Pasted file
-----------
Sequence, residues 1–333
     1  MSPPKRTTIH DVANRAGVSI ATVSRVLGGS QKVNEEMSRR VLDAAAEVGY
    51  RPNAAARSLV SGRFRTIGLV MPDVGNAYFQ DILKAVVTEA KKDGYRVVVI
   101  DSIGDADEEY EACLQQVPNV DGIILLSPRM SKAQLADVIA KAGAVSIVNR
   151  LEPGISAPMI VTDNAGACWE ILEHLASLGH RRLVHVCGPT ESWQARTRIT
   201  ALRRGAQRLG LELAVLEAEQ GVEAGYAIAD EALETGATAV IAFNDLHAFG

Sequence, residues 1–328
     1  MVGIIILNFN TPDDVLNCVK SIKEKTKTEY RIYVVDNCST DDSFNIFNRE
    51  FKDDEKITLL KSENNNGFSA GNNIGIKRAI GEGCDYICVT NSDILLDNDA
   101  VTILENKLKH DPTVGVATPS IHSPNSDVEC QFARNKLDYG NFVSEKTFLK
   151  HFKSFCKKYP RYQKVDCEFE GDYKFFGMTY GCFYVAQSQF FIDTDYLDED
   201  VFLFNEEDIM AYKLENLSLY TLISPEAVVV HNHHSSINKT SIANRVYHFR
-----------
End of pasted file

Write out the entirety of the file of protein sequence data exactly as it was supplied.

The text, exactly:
Sequence, residues 1–333
     1  MSPPKRTTIH DVANRAGVSI ATVSRVLGGS QKVNEEMSRR VLDAAAEVGY
    51  RPNAAARSLV SGRFRTIGLV MPDVGNAYFQ DILKAVVTEA KKDGYRVVVI
   101  DSIGDADEEY EACLQQVPNV DGIILLSPRM SKAQLADVIA KAGAVSIVNR
   151  LEPGISAPMI VTDNAGACWE ILEHLASLGH RRLVHVCGPT ESWQARTRIT
   201  ALRRGAQRLG LELAVLEAEQ GVEAGYAIAD EALETGATAV IAFNDLHAFG

Sequence, residues 1–328
     1  MVGIIILNFN TPDDVLNCVK SIKEKTKTEY RIYVVDNCST DDSFNIFNRE
    51  FKDDEKITLL KSENNNGFSA GNNIGIKRAI GEGCDYICVT NSDILLDNDA
   101  VTILENKLKH DPTVGVATPS IHSPNSDVEC QFARNKLDYG NFVSEKTFLK
   151  HFKSFCKKYP RYQKVDCEFE GDYKFFGMTY GCFYVAQSQF FIDTDYLDED
   201  VFLFNEEDIM AYKLENLSLY TLISPEAVVV HNHHSSINKT SIANRVYHFR